Pinterest
Fritton Lake

Plunge into Fritton Lake and the choice is yours: have a fun dip or challenge yourself to put in proper distances, like some of the swimmers who use it to prepare for triathlons or swimming the Channel. Fritton Lake Outdoor Centreis in the grounds of Fritton Lake country park, itself part of the 5,000-acre Somerleyton Hall estate, and hosts weekly swim sessions – year-round, for those who want a winter swim. Pay-as-you-go swim sessions cost £6 once you’ve paid a £10 registration fee (which includes one free swim), but pre-pay for multiple sessions and the price drops. Effort expended, it may be a tempting book into the Fritton Arms at the lakeside (doubles from £130 B&B). The hotel has nine bedrooms, is surrounded by parkland, and holds out the promise of an Italian wood-fired oven, which the kitchen says can roast anything from fresh pizza to Porterhouse steaks.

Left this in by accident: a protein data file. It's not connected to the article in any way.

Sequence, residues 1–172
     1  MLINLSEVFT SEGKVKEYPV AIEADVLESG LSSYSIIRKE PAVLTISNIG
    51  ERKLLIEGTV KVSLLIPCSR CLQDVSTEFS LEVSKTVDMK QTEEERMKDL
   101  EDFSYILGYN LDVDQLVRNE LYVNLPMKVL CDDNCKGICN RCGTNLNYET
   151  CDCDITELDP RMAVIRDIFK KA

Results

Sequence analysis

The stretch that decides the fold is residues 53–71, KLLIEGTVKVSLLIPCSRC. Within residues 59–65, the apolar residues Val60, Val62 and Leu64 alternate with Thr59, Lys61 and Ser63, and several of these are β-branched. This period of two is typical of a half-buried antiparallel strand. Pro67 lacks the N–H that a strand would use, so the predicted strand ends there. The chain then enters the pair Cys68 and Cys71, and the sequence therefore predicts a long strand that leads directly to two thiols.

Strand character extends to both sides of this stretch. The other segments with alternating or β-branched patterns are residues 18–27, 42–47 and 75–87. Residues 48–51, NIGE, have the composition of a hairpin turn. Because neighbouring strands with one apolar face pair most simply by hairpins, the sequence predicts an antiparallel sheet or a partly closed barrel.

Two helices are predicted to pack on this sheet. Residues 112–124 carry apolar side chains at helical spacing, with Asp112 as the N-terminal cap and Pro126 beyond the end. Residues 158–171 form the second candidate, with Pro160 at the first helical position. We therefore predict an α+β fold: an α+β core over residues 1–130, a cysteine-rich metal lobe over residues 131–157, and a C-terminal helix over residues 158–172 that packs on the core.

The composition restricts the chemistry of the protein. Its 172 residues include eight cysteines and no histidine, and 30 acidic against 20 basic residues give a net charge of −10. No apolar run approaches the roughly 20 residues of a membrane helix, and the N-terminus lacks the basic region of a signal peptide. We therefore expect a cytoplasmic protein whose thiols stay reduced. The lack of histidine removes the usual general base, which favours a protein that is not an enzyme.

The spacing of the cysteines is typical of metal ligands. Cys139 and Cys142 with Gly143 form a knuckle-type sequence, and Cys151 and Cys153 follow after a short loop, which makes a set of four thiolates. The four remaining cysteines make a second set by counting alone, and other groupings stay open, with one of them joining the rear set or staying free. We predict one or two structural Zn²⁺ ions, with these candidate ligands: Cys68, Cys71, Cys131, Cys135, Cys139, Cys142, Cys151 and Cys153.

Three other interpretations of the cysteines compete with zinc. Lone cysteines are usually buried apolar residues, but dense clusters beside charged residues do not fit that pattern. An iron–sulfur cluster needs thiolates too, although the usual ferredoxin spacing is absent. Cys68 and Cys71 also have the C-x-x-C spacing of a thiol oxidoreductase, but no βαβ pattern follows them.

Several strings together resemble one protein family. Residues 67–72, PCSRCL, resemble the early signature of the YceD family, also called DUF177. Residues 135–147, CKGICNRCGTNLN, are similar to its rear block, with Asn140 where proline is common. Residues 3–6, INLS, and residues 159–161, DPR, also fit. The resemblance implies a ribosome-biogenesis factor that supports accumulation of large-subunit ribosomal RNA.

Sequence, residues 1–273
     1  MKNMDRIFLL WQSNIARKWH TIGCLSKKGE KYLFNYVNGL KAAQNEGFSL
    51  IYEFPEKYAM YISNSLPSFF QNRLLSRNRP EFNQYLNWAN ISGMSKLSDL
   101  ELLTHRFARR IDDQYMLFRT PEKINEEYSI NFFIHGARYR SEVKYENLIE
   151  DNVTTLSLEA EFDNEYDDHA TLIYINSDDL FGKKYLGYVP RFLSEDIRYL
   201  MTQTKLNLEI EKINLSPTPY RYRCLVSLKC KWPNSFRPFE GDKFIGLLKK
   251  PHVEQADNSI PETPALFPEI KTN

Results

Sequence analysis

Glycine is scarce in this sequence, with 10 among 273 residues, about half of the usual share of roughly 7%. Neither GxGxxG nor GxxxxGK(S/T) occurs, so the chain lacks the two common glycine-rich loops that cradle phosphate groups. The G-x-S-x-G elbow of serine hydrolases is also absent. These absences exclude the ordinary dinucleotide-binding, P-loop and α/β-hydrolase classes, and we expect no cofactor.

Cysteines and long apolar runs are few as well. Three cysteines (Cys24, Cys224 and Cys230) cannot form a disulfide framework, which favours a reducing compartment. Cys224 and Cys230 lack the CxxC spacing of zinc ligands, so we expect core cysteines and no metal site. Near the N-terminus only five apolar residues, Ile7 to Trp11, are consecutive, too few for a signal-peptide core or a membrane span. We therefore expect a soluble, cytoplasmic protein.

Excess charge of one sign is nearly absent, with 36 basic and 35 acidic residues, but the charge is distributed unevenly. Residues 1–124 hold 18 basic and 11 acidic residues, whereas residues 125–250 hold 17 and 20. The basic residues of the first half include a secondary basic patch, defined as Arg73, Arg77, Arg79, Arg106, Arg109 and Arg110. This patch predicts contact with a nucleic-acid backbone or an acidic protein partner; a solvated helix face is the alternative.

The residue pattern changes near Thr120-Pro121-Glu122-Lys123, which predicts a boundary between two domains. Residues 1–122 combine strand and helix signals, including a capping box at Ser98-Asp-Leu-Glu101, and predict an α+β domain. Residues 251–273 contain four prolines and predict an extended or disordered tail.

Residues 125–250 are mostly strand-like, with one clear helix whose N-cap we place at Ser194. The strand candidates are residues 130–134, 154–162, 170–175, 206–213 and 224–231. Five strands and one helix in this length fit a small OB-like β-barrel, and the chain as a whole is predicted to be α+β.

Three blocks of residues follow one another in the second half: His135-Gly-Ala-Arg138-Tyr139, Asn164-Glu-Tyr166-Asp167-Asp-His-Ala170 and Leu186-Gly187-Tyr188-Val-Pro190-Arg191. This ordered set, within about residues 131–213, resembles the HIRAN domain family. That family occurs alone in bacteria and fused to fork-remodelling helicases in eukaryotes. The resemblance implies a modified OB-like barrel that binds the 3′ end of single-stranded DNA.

Glacial lake challenge, Annecy, France

Lake Annecy, France
Pinterest

Swimquest has a range of indulgent swimming holidays, including six days swimming around islets in Thailand and a swim tour around the coral reefs of the Maldives with a 32-metre yacht as a base. A bit more accessible, with perhaps a chance to meet more like-minded people, is its trip to Lake Annecy in France, where on this four-day trip you’ll take on the 14.6km swim across the huge glacial lake, either as a solo swimmer or in a relay, depending on your ability. And there’s time to relax in the tranquil Alpine surroundings either side of the marathon swim.

If You Wanna Train Better, Swim with Faster Swimmers